Why crying can be therapeutic


Why crying can be therapeutic

When was the last time you had a good cry?  Not just a watering-up of your eyes but an actual all-out flood of tears streaming down your face.  If it’s been awhile, just know that crying is considered a natural human response to the wide range of emotions we all experience.  This includes not only the usual crying response to grief, sadness, or frustration, but also to joy, humor, and happiness. 

Not unexpectedly, women cry on average about 3.5 times per month compared to men who cry an average of 1.9 times a month.  No matter what the situation may be that ignited the tears, whether a heartfelt movie or while chopping an onion, those tears falling from our eyes can help us many surprising ways. 

But, does that mean all crying, in all forms, is automatically a good thing?  Not always.  Anyone who finds they cry uncontrollably without good reason or is frequently feeling weepy, needs to discuss these issues with their healthcare provider to address what is causing extreme feelings of sadness possibly indicating depression. 

Why do we cry?

When we talk about tears, there are three types humans produce:

·      Basal – These tears are what keep our eyes lubricated.  Every time we blink, the tear ducts secrete basal tears which are a protein-rich antibacterial liquid helping to keep our eyes moist.

·      Reflex – Every day, our eyes get irritants in them from wind, smoke, or dust.  To flush out these irritants potentially harming our eyes, reflex tears will be secreted.

·      Emotional – These are the tears we are most familiar with and are what most people are referring to when they talk about crying.  As humans, we shed tears in response to a range of emotions – and humans are the only animals to do so.  Tears of emotions contain higher levels of stress hormones than either reflex or basal tears.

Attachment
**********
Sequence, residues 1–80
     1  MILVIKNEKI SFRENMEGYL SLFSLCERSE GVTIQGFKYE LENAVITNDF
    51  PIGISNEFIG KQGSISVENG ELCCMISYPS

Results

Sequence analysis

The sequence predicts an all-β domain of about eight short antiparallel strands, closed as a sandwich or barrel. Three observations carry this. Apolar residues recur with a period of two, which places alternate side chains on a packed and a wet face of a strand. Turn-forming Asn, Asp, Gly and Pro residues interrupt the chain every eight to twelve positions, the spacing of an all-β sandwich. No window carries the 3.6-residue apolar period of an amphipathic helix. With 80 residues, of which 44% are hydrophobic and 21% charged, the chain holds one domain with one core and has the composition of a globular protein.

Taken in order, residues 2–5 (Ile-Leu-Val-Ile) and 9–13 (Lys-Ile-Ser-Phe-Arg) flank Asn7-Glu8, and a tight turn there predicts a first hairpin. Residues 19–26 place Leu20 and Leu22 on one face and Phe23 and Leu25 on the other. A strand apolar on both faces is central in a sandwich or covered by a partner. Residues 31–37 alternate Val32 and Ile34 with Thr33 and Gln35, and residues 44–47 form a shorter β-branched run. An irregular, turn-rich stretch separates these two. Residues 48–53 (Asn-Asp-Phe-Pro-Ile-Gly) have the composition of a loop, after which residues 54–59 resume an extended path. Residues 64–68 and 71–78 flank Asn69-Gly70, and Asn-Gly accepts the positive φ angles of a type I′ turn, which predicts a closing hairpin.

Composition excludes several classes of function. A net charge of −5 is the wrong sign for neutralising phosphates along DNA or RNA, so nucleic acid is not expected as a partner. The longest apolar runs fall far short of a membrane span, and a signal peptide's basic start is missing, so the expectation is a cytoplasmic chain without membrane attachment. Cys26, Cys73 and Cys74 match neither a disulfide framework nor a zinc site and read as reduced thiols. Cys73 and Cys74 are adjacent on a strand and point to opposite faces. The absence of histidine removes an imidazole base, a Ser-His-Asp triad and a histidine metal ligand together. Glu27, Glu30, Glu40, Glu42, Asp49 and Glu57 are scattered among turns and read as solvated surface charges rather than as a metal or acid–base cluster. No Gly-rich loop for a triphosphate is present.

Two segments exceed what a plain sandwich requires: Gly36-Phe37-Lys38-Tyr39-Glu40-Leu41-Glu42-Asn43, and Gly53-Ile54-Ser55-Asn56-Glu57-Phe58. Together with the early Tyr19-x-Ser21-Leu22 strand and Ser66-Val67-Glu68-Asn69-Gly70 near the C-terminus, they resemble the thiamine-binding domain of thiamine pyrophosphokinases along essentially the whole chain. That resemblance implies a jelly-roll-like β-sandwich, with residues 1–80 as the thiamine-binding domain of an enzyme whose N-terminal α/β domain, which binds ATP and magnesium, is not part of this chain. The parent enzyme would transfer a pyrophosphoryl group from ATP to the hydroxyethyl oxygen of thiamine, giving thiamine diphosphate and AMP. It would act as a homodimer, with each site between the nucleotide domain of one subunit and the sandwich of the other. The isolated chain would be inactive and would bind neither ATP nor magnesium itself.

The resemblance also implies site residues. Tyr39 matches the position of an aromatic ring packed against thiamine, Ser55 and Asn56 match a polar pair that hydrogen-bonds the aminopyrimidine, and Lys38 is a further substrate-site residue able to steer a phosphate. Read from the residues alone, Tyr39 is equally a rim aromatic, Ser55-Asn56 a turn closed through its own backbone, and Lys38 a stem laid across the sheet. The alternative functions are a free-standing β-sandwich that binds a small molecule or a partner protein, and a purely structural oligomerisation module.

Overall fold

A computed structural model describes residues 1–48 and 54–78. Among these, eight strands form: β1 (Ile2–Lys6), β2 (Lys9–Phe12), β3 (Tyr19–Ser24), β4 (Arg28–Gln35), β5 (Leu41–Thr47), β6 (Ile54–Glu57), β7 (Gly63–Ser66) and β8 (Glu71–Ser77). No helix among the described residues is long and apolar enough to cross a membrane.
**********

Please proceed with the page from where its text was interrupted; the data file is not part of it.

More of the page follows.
Why crying can be good for us

Often referred to as a sign of weakness, a good cry can also be a sign of strength and a way of releasing pent-up emotions.  Trying to suppress tears may result in missing out on a range of benefits crying has to offer.  So grab a tissue and find out why crying your eyes out is better for you than you think:

·      Crying relieves stress

All of us have watched a movie that made us cry.  Anyone who has ever watched the movie Brian’s Song or the cemetery scene from Steel Magnolias, most likely found themselves bawling like a baby but that was okay. When we feel stress or very strong emotions, we often feel much better after crying because it remove chemicals that build up during stress.  Trying to remain strong under pressure without showing emotion is a bad idea.  Suppressing tears increases stress levels and contributes to disease aggravated by stress such as high blood pressure, heart disease, and peptic ulcers.  A good cry is a way we can alleviate stress preventing stress from its harmful potential. 

·      Crying helps clear out our nose

When we cry, tears will travel down internally through the tear duct to the nasal passages.  Once they reach these passages, the tears will encounter mucus.  As the tears mix with mucus, this helps loosen and eventually shed the mucus, keeping the nose moist and bacteria free.

·      Crying cleanses and protects our eyes

When our eyes tear up, whether with emotion or because something got in your eye, can be beneficial.  If it is an irritant such as dirt or even a bug, tears contain an antibacterial and antiviral substance called lysozyme which nourishes the cells on the surface of the eye and inside the eyelids.  Lysozyme is so good at what it does it can kill 90 to 95 percent of all bacteria in just five to ten minutes. 

·      Crying brings out the best in others

How many of us have been around someone distraught by crying over an emotional event?  Most people witnessing such an act will feel compelled to want to comfort and support the person who is crying.  By showing our warmth and companionship, this builds friendships and community between each of us.  Tears can bring people closer together taking communication and understanding between people to a deeper level.

·      Crying lets go of feelings

Crying can be quite cathartic.  Sometimes, when we’ve pent-up feelings shoving them under our emotional security blanket, there comes a time when they must come out.  Feelings we’ve kept hidden will need to be felt, as painful or scary as that may be.  If we don’t release these feelings, they will eventually get the best of us and that is not good.  Every so often, we need to sob and wail, shake our fists or stomp our feet, letting our tears turn us into a blubbering mess in order to reset our emotional radar.  Once we allow that to happen, we can move on to a much healthier state of mind.